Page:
NASA Podcasts

This Week @ NASA, June 3, 2011
› Listen Now
› View Now
TW@N FINAL for 6-3-11

The final rollout of the Space Shuttle Program has brought Atlantis from the Vehicle Assembly Building to Launch Pad 39A at the Kennedy Space Center for the liftoff of STS-135. Mated to its external tank and solid rocket boosters, the orbiter traveled the 3.4-miles atop a crawler-transporter at a top speed of less than a mile an hour.

STS-135 is the final mission of the 30-year-old shuttle program. Commander Chris Ferguson, Pilot Doug Hurley and Mission Specialists Sandy Magnus and Rex Walheim will crew the 12-day journey to the International Space Station and deliver the Raffaello multipurpose logistics module laden with supplies, logistics and spare parts. The mission also will fly a system to investigate using robots to refuel spacecraft. Atlantis is targeted to liftoff on July 8 at 11:40 a.m. Eastern.

More than seven years after it landed on the surface of the Red Planet, the long-lived Mars Exploration Rover Spirit has officially had its last conversation with its friends back on Earth.

The Jet Propulsion Lab has sent its final transmission to Spirit, which last communicated with the rover team on March 22, 2010.

With inadequate energy to run its survival heaters, the rover likely suffered irreparable damage due to colder internal temperatures last year than in any of its prior six years on Mars. It was hoped that Spirit might reawaken with the help of Martian spring and summer's increase in solar energy, but to no avail.

Spirit landed on Mars on Jan. 3, 2004, for a mission designed to last three months. Its twin, Opportunity, continues actively exploring on the surface of Mars.

And now, Centerpieces…

Space researchers consider the most likely location for discovering potential primitive life forms on Mars to be in caves. But how do they find them?

Judson "Jut" Wynne: "… the purpose of this study is to learn how to detect caves on Earth and then apply the techniques that we develop for detecting caves on Earth to looking for caves on Mars."

Wynne, a doctoral candidate at Northern Arizona University in Flagstaff and a researcher at the SETI Institute, flew two missions aboard a NASA King Air research aircraft in April 2011. The flights over lava fields in California's Mojave Desert collected both thermal and visual imagery to aid in detection of caves.

Judson "Jut" Wynne: "… We are basically coupling those ground-based measurements that we are currently collecting with the thermal imaging data and the vis) data that we are collecting as well. Through developing techniques for detecting caves on Earth we can then take those techniques and use them to look for caves on Mars."

NASA Goddard engineer Murzy Jhabvala operated a NASA photodetector that imaged the temperature variations of the caves and surrounding surface that occur as a result of the heating effects of the sun. This thermal data will be compared with similar ground-based measurements.

Wynne noted that there is a secondary reason for developing cave detection technology:

Judson "Jut" Wynne: "Another important aspect of this study as it relates to the importance of Martian caves is that these caves could also serve as astronaut shelters."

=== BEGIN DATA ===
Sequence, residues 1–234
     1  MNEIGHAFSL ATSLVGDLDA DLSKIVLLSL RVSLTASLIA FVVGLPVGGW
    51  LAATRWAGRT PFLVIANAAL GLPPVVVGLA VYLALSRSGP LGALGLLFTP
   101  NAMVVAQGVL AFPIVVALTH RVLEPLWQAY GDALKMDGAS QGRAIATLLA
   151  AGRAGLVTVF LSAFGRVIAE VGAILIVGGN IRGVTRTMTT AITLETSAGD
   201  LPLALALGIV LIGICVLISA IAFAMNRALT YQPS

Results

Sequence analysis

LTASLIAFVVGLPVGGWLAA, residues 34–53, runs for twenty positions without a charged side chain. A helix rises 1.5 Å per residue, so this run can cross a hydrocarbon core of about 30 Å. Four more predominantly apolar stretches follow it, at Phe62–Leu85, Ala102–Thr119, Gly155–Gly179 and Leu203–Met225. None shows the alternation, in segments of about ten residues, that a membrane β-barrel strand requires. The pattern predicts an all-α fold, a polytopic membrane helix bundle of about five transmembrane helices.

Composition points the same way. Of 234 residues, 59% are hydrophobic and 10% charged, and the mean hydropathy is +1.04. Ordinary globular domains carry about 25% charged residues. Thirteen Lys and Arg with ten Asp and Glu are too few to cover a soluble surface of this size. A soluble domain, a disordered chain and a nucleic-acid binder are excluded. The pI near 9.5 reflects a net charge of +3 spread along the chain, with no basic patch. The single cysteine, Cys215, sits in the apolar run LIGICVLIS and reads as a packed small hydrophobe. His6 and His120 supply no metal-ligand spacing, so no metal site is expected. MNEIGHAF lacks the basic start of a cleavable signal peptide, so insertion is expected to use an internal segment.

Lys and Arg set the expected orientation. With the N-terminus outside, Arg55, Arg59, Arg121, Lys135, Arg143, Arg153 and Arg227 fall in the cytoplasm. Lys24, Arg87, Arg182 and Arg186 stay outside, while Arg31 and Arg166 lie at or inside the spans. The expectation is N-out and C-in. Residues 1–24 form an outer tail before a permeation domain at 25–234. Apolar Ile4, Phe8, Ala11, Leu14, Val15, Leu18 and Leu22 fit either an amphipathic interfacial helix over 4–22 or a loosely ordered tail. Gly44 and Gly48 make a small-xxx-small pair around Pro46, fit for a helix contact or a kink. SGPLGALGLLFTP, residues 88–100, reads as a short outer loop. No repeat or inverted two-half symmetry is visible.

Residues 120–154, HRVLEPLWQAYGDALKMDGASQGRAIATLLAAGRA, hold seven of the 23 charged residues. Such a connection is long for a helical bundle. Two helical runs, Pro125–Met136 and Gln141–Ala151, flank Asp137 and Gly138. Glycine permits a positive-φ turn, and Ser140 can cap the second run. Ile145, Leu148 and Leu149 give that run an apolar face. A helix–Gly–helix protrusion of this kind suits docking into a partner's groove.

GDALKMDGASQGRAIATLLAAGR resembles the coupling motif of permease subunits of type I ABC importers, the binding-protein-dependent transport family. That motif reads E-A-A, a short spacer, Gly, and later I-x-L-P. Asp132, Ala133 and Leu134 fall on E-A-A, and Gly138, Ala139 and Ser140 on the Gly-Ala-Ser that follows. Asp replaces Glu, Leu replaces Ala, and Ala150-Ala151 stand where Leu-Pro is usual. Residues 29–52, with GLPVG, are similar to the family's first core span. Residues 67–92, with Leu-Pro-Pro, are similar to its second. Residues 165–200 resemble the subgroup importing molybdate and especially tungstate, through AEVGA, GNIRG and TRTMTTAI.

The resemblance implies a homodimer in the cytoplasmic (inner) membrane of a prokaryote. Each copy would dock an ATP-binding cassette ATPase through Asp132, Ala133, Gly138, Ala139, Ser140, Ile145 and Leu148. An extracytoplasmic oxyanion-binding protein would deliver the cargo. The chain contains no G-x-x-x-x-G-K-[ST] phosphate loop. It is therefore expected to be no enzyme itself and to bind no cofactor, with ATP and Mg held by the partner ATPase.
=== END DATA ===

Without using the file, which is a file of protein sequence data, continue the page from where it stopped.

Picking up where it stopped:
Wynne envisions this research will contribute to the development of selection criteria that could identify cave targets for future robotic exploration.

Judson "Jut" Wynne: "If life ever existed on Mars, we're going to find that evidence underground."

College students from across the country and around the globe impressed judges and spectators during the 2nd annual Lunabotics Mining Competition held May 23-28th at the Kennedy Space Center Visitor Complex in Florida.

The competition highlights student proficiency in science, technology, engineering and mathematics, or, STEM. The challenge is for students to design and build a remote controlled excavator, called a lunabot, that can collect and deposit a minimum of 10 kilograms of lunar simulant, or moon dust, within 15 minutes. The winning achievements may result in ideas that will one day be used by NASA.

World War II aircraft paid a Memorial Day visit to the Ames Research Center. Flown by the Collings Foundation, the P-51, B-17, and B-24 aircraft regularly tour the country, allowing the public not only a close-up look, but also a chance to relive the wartime experience of flying in the aircraft on short demonstration flights.

Although the tour makes dozens of stops, the visit to Ames recalls a special relationship with these particular aircraft models.

Norbert Ulbirch: "The Chief Aerodynamicist of North American aviation decided to contact the Ames Aeronautical laboratory here at Moffett field, and they suggested to, basically, take an entire airframe, put it into a wind tunnel, and see if they could reproduce the duct rumbling that the test pilot had noticed during the flight test."

Ames did some important wartime, wind tunnel work to fine-tune the performance of the air scoop on the P-51. Other research and development at Ames included wing and propeller de-icing systems incorporated into production models of the B-17 and B-24 bombers. These aircraft went on to fly crucial high-altitude missions over Europe without falling victim to icing problems.

And that's This Week @NASA.

For more on these and other stories: log onto
› Listen Now
› View Now